The speed of technological advancement and innovation has pushed higher education to innovate and redesign for efficiency. In order to make input equitable and maximize time spent in face-to-face meetings, one academic department experimented with a flipped approach to their meetings, utilizing an online, anonymous, consensus building process prior to the face-to-face meeting.
This presentation will share reflections from the two faculty members who designed the online activities. Online settings have been found to mediate the participation inequalities found in face-to-face meetings caused by the dominance of higher status and higher expertise group members (Dubrovsky, Kiesler, & Sethna, 1991). The advantages of using an anonymous, online consensus building process will be discussed. These include participants’ ability to “express facets of themselves without fear of disapproval and sanctions by those in their real-life social circle” (Bargh, McKenna, & Fitzsimons, 2002, p. 34), or not speaking up to avoid upsetting leaders or supervisors (Bryant & Cox, 2006).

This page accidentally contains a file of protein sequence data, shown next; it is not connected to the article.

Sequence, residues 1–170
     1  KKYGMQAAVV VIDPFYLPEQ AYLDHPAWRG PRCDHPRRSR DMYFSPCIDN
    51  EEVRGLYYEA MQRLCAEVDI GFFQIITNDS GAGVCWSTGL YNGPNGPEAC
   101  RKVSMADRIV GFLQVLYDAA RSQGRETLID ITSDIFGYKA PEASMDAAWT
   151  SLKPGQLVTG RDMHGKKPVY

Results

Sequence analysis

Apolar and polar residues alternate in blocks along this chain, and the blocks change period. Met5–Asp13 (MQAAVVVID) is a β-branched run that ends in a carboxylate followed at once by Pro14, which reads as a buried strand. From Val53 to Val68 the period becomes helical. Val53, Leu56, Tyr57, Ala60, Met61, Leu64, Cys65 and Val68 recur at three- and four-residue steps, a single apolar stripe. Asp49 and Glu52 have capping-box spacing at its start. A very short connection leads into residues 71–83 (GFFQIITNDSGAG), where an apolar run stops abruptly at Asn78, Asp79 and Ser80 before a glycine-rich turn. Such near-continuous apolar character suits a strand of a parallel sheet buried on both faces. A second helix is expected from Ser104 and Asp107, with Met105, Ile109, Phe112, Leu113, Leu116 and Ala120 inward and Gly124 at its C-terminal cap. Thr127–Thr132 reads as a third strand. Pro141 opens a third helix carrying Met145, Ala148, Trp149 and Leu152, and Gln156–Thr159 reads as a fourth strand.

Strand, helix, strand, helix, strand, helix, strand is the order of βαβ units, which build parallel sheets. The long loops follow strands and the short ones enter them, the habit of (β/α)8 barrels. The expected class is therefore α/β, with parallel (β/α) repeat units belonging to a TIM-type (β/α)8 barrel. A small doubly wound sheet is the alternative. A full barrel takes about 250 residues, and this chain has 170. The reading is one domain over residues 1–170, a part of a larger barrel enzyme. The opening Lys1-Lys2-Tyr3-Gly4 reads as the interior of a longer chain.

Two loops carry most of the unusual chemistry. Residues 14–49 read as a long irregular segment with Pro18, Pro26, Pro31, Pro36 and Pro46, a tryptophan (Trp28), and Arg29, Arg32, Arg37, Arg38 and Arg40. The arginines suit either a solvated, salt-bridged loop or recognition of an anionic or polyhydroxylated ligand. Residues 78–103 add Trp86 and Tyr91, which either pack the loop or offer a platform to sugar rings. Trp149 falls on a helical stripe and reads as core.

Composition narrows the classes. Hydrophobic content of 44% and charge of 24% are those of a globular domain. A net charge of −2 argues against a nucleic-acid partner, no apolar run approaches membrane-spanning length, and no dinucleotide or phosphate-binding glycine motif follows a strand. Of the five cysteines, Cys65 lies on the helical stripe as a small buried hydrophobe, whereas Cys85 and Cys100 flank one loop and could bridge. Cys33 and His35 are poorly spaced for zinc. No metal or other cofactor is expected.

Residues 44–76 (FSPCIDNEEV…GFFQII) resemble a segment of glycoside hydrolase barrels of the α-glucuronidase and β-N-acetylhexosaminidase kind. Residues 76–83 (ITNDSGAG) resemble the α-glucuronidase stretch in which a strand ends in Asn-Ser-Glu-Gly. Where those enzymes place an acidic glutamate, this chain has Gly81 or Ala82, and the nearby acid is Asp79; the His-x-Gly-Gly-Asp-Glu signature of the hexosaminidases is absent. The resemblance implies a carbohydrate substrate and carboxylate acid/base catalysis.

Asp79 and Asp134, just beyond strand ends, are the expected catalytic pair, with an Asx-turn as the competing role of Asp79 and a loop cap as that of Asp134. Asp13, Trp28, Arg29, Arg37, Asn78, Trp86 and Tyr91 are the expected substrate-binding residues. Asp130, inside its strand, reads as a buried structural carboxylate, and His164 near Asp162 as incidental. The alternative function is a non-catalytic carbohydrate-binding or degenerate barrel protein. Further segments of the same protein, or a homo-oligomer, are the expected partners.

The Delphi method that inspired the procedure will be briefly described, and the online tools used to facilitate the process will be shared. A summary of the results from the process will be provided. Findings indicate that consensus was achieved and inclusiveness experienced, but questions arose regarding efficiency and ongoing group communication. Opportunities and challenges with online tools and anonymity in groups will be discussed. An on-going prototype of this flipped meeting approach with on-going formative evaluation will also be briefly described. A discussion with session attendees will follow.